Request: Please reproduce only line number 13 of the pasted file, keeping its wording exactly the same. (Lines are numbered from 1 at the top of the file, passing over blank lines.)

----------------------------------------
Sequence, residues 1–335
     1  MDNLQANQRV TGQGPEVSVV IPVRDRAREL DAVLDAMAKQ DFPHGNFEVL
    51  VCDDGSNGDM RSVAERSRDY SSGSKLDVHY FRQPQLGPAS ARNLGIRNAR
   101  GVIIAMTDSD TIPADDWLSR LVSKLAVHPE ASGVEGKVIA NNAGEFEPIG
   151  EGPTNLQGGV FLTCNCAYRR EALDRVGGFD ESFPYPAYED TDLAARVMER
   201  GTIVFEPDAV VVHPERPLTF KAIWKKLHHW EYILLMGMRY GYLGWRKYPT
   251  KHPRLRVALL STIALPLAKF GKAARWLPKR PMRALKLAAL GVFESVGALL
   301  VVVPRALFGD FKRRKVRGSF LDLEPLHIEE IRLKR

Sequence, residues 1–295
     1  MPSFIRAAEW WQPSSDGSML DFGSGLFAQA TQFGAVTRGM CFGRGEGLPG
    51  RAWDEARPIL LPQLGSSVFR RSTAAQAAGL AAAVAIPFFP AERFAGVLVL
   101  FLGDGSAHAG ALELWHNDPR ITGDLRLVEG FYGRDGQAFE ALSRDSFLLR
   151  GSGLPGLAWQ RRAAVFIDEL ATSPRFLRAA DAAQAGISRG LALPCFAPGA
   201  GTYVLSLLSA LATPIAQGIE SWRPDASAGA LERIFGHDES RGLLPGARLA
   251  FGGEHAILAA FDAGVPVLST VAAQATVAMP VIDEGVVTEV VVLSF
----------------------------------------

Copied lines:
   151  GSGLPGLAWQ RRAAVFIDEL ATSPRFLRAA DAAQAGISRG LALPCFAPGA